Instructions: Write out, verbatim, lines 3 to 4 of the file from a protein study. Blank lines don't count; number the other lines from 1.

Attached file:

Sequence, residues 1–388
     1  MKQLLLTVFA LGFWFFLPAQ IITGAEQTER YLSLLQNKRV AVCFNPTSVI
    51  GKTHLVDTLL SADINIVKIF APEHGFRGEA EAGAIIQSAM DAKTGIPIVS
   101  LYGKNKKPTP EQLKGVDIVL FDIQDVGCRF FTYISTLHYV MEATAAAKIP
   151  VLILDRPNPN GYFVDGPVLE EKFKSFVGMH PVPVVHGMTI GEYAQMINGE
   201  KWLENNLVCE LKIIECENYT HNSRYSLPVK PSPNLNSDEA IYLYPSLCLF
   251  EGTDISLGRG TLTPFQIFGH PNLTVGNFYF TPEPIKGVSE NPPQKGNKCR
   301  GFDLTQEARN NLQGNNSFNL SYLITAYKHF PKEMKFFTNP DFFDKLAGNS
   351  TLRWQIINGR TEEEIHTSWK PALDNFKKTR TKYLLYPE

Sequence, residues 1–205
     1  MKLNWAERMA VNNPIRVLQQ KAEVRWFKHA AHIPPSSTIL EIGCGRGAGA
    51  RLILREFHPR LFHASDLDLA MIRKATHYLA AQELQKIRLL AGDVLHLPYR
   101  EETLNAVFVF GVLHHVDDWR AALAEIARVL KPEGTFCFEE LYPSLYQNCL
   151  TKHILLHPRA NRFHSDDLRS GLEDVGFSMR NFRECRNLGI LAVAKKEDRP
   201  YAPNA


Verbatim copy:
    51  GKTHLVDTLL SADINIVKIF APEHGFRGEA EAGAIIQSAM DAKTGIPIVS
   101  LYGKNKKPTP EQLKGVDIVL FDIQDVGCRF FTYISTLHYV MEATAAAKIP